Submitted to: Plant and Animal Genome Conference Proceedings
Publication Type: Abstract Only
Publication Acceptance Date: 10/1/2006
Publication Date: N/A
Interpretive Summary: None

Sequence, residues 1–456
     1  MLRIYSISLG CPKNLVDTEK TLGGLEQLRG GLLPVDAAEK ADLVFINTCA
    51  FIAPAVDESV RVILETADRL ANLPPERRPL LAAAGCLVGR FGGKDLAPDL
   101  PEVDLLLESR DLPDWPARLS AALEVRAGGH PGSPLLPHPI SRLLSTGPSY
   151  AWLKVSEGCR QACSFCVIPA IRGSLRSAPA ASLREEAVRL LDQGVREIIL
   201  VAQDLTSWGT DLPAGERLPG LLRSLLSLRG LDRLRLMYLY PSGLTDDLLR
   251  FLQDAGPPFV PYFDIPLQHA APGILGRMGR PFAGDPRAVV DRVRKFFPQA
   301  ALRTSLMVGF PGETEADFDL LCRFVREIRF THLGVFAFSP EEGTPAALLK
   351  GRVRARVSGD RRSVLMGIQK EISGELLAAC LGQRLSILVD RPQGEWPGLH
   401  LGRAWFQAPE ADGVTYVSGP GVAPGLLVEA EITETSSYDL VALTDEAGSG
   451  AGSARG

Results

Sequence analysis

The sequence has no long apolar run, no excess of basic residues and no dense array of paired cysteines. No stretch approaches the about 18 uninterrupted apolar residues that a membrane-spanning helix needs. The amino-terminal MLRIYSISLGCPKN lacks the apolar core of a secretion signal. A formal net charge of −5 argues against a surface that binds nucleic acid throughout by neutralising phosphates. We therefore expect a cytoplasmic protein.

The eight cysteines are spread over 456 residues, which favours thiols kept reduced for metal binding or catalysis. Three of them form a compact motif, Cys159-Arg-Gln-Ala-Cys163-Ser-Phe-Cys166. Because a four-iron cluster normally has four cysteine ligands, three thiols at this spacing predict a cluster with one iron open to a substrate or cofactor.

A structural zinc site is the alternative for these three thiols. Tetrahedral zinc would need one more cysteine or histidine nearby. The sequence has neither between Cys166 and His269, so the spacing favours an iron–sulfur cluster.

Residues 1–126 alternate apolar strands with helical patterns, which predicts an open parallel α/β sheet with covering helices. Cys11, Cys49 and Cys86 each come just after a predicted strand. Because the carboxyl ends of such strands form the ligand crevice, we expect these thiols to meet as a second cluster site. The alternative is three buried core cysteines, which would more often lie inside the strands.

Technical Abstract: In our experience, transgenes are silenced by sugarcane at a high frequency. In many cases the silencing is via posttranscriptional gene silencing (PTGS). To understand more about PTGS in sugarcane we are studying the P0 protein of Sugarcane yellow leaf virus (SCYLV) which acts to suppress PTGS. One possible application of SCYLV P0 or other viral suppressors of PTGS would be to control transgene silencing. However, since PTGS can be critical to several important plant functions including regulation of endogenous genes, expression of viral suppressors may produce unacceptable side effects in transgenic plants. To explore these possibilities, we produced sugarcane transgenic lines which constitutively express one of four viral PTGS suppressors: SCYLV P0, HC-Pro from Sorghum mosaic virus, p25 from Potato virus X, and p38 from Turnip crinkle virus. Expression data from P0 and HC-Pro transgenic plants showed that those lines with the highest mRNA accumulation for an nptII transgene also had high levels of the suppressor mRNA. Expression of five sugarcane genes predicted to be regulated by miRNAs (Jones-Rhoades, et al.) was tested by qRT-PCR. For all five of these genes there were no consistent differences in HcPro transgenic lines as compared to WT sugarcane. For one of the miRNA-regulated genes, differences were observed in P0-expressing lines; however these differences do not correspond to expression levels of P0. This suggests the variation in endogenous gene expression is caused by other factors. Morphologically some suppressor lines are abnormal, but the frequency of these changes is similar for other (not expressing suppressors) sugarcane regenerated from tissue culture.